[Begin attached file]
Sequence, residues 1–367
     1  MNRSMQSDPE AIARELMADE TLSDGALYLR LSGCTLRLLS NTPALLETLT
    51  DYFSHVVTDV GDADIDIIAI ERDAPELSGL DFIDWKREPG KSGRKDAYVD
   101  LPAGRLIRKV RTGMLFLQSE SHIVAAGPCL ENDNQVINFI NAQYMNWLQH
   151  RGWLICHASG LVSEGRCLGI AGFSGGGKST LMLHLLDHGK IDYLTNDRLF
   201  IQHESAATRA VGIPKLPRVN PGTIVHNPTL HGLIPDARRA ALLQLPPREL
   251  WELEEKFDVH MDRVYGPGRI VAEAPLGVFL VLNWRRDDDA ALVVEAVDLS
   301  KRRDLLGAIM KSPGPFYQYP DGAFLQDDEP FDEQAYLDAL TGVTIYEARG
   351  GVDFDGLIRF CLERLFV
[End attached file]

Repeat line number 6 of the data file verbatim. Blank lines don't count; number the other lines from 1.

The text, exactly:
   201  IQHESAATRA VGIPKLPRVN PGTIVHNPTL HGLIPDARRA ALLQLPPREL